Gen Z LatinXers are reinventing regional Mexican music. But your abuelo still might dig it

Mexican American artist DannyLux at the Exposition Park Rose Garden in Los Angeles on Friday, May 26, 2023.
Mexican American artist DannyLux at the Exposition Park Rose Garden in Los Angeles on Friday, May 26, 2023.
(Raul Roa / De Los)

DannyLux’s first guitar was a castaway that his father plucked from the trash while driving garbage trucks in Palm Springs. Growing up, the young musician vibed to an unruly mezcla of Maná, “a lot of Pink Floyd,” regional Mexican music and The Beatles, honing his earnestly introspective vocal persona.

“My mom even has a video of me singing ‘Let It Be’ as a little kid, and the guitar is all huge on my body,” Danny, 19, said in a recent interview, laughing at the memory of himself as a Paul McCartney proxy. “I couldn’t even reach to play the guitar, but I was still playing it!”

(Nathalie Rodriguez)

Now he’s braiding those elements into a songwriting style that has partnered him with Gen-Z regional Mexican groups like Fuerza Regida, Eslabón Armado (both recently in L.A.) and everyone’s favorite artist of the last 15 minutes, the omnipresent Peso Pluma.


Collectively, these artists are fashioning a regional Mexican music renaissance for the Age of TikTok. Most are in their late teens or early twenties, Mexicans as well as bilingual Mexican Americans from places like South L.A. and the Inland Empire, accustomed since birth to crossing sonic borders.

The biggest push factor in their surging popularity is the exponential growth of the U.S. Latino population, which skews younger than the nation as a whole. But this reimagining of centuries-old music might not have happened if not for two interrelated phenomena: the COVID pandemic and the explosion of TikTok and online music tutorials.

Mexican American artist DannyLux at the Exposition Park Rose Garden in Los Angeles in May 2023.
(Raul Roa / De Los)

After Danny was kicked off his school soccer team due to his slumping GPA, and confined at home by the coronavirus, he would cry every night and beseech God, “What am I supposed to do? I want to be good at something!” Then he started posting music covers and, later, original songs, and his phone blew up. Now he’s poised to release his first full-length album on Warner Latina, launching a tour of Mexico, and will appear with Interpol and The Red Pears October 30 at the Greek Theatre.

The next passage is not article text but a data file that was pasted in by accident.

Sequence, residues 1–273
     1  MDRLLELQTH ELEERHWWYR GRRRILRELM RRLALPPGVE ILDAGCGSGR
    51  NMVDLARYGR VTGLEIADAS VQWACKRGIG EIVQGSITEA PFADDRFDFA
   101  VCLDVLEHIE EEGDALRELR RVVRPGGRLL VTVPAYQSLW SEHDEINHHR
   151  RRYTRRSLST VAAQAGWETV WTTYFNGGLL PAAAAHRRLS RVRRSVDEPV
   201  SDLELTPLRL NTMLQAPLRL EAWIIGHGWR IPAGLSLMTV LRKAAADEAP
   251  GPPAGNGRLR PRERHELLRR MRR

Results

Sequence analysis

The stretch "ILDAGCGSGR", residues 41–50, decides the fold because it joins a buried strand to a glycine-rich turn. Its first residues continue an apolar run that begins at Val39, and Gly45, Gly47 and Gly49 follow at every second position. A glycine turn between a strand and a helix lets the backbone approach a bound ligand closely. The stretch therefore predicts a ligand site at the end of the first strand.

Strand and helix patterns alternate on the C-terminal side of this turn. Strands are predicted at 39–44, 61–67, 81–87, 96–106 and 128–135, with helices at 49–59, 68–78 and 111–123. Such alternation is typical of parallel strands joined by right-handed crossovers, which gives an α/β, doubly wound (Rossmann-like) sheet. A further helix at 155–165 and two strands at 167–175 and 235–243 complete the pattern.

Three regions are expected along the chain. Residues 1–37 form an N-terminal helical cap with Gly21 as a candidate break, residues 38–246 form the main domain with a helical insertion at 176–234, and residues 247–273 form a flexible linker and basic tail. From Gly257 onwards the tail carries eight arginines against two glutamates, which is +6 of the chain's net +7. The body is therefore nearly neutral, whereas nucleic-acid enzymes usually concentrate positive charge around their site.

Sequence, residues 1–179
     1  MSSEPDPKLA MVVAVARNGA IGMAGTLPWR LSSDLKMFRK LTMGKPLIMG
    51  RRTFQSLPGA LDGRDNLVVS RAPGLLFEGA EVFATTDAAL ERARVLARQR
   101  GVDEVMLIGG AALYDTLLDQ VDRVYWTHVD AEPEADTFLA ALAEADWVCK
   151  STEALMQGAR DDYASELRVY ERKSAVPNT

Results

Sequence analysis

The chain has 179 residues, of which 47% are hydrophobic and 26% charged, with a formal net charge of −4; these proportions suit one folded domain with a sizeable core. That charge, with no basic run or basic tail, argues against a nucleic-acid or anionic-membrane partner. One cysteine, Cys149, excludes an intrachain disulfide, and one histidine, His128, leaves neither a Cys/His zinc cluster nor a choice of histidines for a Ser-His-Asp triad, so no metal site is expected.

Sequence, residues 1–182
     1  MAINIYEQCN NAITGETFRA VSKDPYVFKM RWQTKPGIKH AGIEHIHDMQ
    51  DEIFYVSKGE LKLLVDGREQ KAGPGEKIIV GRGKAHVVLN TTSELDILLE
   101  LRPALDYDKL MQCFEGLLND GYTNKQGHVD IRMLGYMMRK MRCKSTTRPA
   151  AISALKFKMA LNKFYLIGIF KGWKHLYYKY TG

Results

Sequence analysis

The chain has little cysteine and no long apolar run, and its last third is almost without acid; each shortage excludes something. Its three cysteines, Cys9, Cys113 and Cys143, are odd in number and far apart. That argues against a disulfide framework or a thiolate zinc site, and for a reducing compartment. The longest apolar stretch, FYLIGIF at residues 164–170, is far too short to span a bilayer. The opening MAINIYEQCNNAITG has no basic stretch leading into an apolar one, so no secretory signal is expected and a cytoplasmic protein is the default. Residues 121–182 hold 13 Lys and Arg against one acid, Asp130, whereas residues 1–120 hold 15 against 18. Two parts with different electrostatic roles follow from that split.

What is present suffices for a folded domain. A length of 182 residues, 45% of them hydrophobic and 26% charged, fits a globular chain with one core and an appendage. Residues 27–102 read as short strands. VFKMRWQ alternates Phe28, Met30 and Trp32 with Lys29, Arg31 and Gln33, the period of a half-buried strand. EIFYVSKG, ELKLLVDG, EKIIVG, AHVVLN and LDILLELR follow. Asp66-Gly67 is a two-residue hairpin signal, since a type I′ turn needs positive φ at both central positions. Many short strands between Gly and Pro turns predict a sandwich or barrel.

The Internet also was a meeting ground for the all-female, feminist trio Conexión Divina, which performed at last spring’s Coachella Festival and recently released its exquisitely melancholy debut album, “Tres Mundos,” including a collab on the song “Si Te Vas” with the L.A. “sad sierreño” trio, Los Aptos.

Conexion Divina.
(Camila Noriega)

Conexión’s name alludes to the Vicente Fernández song “Mujeres Divinas” and also to how the
band merged forces via social media. Ashleee Valenzuela, 23, its Arizona-bred requinto guitar player and principal songwriter, first connected online with bajo guitarist Sandra Calixto, a 20-year-old Texan who learned to play from YouTube videos. After Calixto moved to Arizona, they started jamming after wrapping up their day jobs at Walmart and Subway.

Then one day online they spotted Liz Trujillo, 18, a South L.A. native who’d been posting soulful covers of Ivan Cornejo and Los Dareyes de la Sierra on TikTok, and met up when Calixto and Valenzuela took a seven-hour Greyhound bus ride to L.A., where all three now dwell.

“I think our genre is in its prime right now,” says Trujillo, the band’s lead singer. “Right now there’s a lot of different instruments being added onto the music. There’s not a particular sound to it, there’s a variety of sounds that you can incorporate.” The trio believes that by combining sierreño, corridos tumbados and other styles with psychological candor, young performers are helping birth a vital new musical idiom.

Conexion Divina.
(Camila Noriega)

“We’re the new school, but it’s still like Mexican music,” Valenzuela said. “I feel like I’m evolving every time I write a new song and I feel like I’m learning how to put my emotions more into it and be more vulnerable.”